14.11 Cookie

The HTTP protocol uses only the request and the immediate response to that request. It is not possible to keep a running session between the client and the server. It is not possible to keep any information between two requests to the server.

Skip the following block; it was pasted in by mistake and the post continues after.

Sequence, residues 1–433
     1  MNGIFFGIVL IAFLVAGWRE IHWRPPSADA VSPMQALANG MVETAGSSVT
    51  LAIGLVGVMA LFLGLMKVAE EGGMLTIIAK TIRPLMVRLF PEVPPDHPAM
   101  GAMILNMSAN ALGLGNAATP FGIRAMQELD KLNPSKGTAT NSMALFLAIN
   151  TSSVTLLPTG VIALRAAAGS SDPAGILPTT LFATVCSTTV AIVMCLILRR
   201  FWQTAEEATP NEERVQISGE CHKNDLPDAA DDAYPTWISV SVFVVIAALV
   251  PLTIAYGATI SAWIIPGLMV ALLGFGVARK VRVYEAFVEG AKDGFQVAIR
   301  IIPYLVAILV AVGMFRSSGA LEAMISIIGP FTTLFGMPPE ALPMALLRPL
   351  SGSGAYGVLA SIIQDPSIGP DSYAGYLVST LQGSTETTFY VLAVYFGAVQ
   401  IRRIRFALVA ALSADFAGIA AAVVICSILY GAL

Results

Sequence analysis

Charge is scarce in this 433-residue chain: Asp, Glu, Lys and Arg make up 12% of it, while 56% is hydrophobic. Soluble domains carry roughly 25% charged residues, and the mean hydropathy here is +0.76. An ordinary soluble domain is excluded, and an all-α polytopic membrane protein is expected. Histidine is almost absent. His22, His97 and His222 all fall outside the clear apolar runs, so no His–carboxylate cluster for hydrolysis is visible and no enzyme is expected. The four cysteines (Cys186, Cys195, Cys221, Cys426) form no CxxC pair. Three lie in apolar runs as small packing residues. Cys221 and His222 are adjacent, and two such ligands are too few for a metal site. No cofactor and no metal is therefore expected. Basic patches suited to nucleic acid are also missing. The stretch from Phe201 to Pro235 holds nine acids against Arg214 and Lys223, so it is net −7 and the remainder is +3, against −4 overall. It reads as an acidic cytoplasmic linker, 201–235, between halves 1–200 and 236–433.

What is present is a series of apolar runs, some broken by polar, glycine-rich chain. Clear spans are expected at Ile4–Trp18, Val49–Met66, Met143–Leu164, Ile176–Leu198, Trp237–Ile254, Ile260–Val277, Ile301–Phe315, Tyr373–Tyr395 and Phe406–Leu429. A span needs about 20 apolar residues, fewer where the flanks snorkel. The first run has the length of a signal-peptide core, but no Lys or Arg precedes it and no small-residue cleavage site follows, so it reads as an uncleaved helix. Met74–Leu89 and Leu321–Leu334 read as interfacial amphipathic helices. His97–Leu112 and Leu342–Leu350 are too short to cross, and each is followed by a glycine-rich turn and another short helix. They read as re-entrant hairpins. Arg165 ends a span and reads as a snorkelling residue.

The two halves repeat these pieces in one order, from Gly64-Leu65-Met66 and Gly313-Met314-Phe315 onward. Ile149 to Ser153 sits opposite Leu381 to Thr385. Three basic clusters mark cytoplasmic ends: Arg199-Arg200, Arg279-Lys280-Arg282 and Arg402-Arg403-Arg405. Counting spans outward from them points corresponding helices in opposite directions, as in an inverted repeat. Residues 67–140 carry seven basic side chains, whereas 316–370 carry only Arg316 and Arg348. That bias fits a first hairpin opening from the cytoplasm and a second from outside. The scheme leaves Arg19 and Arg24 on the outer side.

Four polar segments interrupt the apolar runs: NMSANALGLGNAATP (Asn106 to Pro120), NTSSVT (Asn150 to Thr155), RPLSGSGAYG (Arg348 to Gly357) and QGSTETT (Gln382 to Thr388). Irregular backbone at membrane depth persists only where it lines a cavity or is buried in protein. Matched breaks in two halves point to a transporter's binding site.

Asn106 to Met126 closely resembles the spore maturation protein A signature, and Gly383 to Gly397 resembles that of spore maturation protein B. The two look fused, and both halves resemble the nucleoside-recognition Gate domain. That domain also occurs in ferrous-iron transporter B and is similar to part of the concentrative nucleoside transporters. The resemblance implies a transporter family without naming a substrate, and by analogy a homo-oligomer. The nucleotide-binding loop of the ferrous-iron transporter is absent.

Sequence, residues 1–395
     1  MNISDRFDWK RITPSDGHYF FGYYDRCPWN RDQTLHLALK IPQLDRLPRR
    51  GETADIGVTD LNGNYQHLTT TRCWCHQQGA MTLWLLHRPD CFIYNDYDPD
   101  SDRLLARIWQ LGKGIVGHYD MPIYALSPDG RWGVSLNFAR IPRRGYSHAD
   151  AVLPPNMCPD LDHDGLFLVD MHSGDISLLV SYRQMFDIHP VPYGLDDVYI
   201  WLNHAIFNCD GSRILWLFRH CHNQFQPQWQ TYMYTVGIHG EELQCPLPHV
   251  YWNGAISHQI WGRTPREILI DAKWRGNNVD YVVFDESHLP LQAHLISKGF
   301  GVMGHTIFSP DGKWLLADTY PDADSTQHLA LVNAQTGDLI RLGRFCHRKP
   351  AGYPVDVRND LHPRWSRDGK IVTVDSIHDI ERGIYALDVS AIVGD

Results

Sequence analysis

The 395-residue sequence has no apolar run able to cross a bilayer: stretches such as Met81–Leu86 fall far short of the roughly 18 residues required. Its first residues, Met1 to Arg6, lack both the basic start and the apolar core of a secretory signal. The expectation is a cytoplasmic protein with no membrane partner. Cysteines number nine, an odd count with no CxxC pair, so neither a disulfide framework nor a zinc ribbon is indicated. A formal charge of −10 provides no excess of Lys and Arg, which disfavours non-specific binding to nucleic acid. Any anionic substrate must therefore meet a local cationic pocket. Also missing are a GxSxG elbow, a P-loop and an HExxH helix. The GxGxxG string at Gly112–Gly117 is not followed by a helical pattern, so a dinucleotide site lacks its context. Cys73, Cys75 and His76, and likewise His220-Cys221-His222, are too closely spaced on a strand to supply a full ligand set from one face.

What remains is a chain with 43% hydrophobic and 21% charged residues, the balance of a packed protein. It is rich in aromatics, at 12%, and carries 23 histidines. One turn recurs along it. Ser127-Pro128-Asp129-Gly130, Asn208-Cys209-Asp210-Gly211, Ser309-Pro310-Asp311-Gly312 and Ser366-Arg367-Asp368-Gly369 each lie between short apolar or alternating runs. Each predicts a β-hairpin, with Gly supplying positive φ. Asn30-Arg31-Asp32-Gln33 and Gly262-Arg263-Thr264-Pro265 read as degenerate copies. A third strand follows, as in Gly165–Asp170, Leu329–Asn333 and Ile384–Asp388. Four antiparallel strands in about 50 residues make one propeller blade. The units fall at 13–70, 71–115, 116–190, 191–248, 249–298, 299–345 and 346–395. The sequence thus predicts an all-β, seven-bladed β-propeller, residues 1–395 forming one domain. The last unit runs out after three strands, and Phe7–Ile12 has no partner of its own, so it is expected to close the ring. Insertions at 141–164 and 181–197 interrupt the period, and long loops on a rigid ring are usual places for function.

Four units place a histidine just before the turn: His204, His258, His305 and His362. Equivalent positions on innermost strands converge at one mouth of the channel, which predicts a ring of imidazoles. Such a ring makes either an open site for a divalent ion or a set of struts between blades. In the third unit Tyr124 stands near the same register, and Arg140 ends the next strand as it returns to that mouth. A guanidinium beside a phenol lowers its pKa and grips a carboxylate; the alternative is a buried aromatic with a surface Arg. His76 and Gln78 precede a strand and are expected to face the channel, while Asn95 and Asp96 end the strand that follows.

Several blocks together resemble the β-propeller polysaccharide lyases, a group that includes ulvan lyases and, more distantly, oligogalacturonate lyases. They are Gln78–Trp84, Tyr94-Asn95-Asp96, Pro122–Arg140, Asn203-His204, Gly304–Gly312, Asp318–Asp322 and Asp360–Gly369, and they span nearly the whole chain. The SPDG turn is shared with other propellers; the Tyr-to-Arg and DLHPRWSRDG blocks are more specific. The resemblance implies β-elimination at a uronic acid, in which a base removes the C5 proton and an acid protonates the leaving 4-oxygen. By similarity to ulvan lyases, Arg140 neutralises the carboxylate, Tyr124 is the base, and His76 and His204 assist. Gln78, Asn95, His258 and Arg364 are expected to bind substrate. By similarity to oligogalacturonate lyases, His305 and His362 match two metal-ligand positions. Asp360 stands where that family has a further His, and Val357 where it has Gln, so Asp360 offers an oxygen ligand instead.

Netscape solved this problem by establishing a simple relation, during which it is possible to pass information from the server response to the subsequent request(s). The server writes a small piece of data called a cookie into its response. The Cooke is written in the Set-Cookie header line. The client repeats this cookie in the next request to this server in the Cooke header line. This creates a session that is not intended as a persistent TCP connection, but as a logical session created from ...

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